Jewish Journal


March 11, 2004

Michael and Bob


It was not your typical wedding invitation -- a Monday morning phone call inquiring if my husband and I would be available that afternoon when our friends Michael and Bob were hoping to marry at San Francisco's City Hall. They decided to marry years ago, but instead of throwing an expensive party they bought a house together and put off the ceremony for some other time. Then suddenly, rebelliously, there were weddings being performed in San Francisco. A judge was considered likely to halt the ceremonies in a matter of days, and our friends decided they were ready.

We hurried home to shower and dress for a wedding. We scrambled for a babysitter, but then decided we wanted to bring our daughter along. Michael and Bob had celebrated so many milestones in her very young life, and since something sacred was going to happen to them, too, we wanted her to be a part of it.

As we raced into the city, worried we would miss the ceremony, I remembered how graciously Michael and Bob had waited with my husband and me in the hours before our wedding. They made friends with our friends. They remembered our siblings' names, chatted with our parents. They kept us smiling and held our hands during countless rounds of photographs. And once it was over they hoisted us high in our chairs during the celebratory hora. The only openly gay couple in attendance, they bravely shared a slow dance together among the other members of the wedding party.

The scene outside City Hall was jubilant. A mariachi band was playing. There were dancers in top hats. Strangers handed each other wedding cake and offered to snap pictures for each new set of newlyweds as they emerged from the ornate building. A woman was throwing rice at newly married couples, and when she ran out of rice she bent down and picked individual grains off the sidewalk and threw them again. It was raining. All of the couples drew cheers of congratulations as they walked out of the building, but the prettiest lesbians got the loudest cheers. Some things are changing, but some things never change.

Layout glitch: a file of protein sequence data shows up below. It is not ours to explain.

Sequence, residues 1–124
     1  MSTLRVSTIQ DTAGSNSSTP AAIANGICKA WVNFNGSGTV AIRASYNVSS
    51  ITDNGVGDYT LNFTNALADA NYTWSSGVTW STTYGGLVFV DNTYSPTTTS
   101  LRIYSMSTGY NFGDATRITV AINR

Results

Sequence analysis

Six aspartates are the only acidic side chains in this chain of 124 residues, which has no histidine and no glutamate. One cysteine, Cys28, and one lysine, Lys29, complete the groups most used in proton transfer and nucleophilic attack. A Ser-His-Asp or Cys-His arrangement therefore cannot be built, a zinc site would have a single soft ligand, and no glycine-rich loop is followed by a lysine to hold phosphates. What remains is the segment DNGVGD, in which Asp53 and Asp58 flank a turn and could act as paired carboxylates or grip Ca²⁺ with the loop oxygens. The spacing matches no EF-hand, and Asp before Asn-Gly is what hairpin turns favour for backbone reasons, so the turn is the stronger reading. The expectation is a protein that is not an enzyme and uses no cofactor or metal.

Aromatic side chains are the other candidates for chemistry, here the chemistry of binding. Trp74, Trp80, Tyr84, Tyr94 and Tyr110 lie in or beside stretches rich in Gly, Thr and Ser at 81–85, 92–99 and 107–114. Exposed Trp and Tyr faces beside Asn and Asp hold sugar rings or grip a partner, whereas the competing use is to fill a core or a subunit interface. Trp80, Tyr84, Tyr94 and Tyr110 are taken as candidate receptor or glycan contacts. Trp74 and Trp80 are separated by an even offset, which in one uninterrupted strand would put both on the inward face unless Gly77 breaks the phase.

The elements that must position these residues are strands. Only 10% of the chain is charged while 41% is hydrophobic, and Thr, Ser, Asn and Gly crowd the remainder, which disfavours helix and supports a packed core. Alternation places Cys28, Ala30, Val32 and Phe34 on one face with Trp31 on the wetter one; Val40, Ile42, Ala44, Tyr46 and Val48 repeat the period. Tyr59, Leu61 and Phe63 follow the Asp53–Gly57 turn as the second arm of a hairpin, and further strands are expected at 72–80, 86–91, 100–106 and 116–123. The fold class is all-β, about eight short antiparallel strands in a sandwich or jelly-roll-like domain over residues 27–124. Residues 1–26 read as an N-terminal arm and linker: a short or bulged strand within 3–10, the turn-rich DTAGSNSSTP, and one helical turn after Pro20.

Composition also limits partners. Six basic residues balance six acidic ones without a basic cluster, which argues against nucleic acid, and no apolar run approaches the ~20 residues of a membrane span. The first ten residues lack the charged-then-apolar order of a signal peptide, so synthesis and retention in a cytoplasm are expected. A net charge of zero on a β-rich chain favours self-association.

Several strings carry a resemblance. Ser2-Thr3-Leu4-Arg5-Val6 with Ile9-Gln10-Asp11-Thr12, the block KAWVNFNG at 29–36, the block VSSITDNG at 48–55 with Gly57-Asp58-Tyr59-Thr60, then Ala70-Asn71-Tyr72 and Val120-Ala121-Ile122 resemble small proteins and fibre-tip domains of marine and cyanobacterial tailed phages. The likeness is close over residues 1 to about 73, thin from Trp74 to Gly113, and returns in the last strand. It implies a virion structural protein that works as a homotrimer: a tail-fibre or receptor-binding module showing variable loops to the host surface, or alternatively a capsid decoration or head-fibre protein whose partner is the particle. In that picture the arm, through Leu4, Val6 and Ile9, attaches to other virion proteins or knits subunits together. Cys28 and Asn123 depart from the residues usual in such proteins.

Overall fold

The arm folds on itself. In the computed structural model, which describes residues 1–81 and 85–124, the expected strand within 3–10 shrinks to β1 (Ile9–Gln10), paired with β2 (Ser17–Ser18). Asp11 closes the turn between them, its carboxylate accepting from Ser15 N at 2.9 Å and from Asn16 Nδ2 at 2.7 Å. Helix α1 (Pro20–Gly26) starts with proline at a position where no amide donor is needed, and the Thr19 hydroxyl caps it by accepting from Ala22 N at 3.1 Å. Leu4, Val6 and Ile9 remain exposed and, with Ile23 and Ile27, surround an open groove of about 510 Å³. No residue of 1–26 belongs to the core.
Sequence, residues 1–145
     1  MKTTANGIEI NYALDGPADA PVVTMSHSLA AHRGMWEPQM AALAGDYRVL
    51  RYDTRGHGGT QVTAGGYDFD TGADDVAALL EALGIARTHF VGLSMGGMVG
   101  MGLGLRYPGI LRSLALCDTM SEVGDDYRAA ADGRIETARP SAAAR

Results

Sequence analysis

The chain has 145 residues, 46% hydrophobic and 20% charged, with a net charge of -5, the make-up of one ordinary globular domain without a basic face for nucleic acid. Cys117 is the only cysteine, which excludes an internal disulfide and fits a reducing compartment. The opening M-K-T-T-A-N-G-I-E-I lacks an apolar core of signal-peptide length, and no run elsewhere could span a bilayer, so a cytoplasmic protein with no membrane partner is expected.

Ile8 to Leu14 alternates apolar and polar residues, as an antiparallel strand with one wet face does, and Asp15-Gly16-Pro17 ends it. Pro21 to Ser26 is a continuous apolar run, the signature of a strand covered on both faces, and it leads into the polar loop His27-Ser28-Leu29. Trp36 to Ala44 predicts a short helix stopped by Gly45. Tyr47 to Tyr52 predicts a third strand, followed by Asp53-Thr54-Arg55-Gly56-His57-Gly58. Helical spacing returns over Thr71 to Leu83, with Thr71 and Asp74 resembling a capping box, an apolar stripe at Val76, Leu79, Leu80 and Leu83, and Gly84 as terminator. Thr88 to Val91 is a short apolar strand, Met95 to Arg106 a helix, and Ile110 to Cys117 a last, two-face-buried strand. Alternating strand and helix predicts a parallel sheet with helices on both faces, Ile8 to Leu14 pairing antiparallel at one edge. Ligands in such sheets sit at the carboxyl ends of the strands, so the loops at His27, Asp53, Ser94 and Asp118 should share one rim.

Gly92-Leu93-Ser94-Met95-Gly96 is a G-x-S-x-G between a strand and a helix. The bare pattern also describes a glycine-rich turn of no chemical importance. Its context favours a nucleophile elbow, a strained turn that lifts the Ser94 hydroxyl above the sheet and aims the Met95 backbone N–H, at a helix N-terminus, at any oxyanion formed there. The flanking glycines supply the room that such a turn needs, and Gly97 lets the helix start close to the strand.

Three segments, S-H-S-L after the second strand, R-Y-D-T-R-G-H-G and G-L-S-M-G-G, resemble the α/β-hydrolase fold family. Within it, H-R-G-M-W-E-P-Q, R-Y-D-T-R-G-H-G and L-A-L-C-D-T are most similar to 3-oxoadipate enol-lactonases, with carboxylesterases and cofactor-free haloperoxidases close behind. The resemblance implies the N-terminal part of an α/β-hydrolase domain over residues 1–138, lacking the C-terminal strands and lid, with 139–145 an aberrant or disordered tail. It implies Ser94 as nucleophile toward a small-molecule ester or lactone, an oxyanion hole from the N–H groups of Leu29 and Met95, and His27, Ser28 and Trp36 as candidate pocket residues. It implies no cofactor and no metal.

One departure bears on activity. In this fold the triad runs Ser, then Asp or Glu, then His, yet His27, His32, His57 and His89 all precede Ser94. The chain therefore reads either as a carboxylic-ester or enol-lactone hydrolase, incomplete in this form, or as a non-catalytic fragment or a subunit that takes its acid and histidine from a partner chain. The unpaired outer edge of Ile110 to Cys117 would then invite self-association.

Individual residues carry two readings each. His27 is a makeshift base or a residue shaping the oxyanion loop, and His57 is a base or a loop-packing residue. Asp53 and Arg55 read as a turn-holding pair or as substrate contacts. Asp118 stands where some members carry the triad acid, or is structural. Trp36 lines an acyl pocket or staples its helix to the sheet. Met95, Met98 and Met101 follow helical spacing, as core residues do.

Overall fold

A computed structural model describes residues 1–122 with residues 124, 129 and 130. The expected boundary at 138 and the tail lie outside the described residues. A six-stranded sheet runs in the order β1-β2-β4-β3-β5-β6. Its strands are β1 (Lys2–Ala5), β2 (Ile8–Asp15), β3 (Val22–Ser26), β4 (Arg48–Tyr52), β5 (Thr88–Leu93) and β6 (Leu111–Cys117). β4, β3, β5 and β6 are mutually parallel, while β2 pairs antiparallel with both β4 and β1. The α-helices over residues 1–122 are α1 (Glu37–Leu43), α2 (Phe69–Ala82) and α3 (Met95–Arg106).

Inside City Hall, the mood was more serious. Michael and Bob had been standing in line for hours already by the time we reached them. Our friends were dressed beautifully in their best suits, and they were appropriately nervous. When we joined up with them -- waiting in yet another line to receive their marriage license -- Michael was talking on a cell phone with his mother in New York. His sister, who lives in San Francisco, was the only relative able to make it in time.

As I watched our friends pin pale purple orchids to each other's lapels, sadness and outrage mingled with the happy excitement I had been feeling all afternoon. This was a bold, historic time in San Francisco and hundreds of city employees and volunteers were working themselves weary to make it happen. I was overjoyed that our friends -- and the 819 other couples who wed that day -- would finally have the opportunity to make official their private commitments to each other. There was reason for celebration, but we all knew they and their families deserved better.

Michael and Bob are lawyers, scholars and good, law-abiding citizens who pay their taxes, love their families and mow their lawn. After Sept. 11, when San Francisco was swirling with apologists for terror, they hung an American flag in the window of their home. Michael is Jewish and Bob is not. Neither has a particular appetite for subterfuge.

It is a scary, generous act to bind your future to another's -- not the sort of thing one should have to engage in acts of civil disobedience to achieve.

On their wedding day, Michael and Bob deserved to be surrounded by their families and friends. They deserved time to plan the details exactly how they wanted them, to shop for rings and select meaningful cultural or religious rituals to include in their ceremony. They deserved the chance to pose for pictures over and over and over again until everyone was satisfied, and to be hoisted high up on their chairs in celebration when it was over.

Suddenly it was their turn to be married. We were hurried to the bustling, elegant rotunda of City Hall and a tired but enthusiastic woman who wore a green shirt and clutched a clipboard pronounced Michael and Bob "spouses for life."

They had chosen the spot on the grand marble staircase where they uttered their vows. They had chosen each other. And in the dizzying, echoing chaos of San Francisco that Presidents' Day, they had chosen to look beyond the shortcomings of their society and embrace one of its most sacred institutions. Our video camera was rolling.

Maybe it wasn't all that they deserved, but at the same time it seemed like a lot.

Karen Alexander is a journalist in Northern California.

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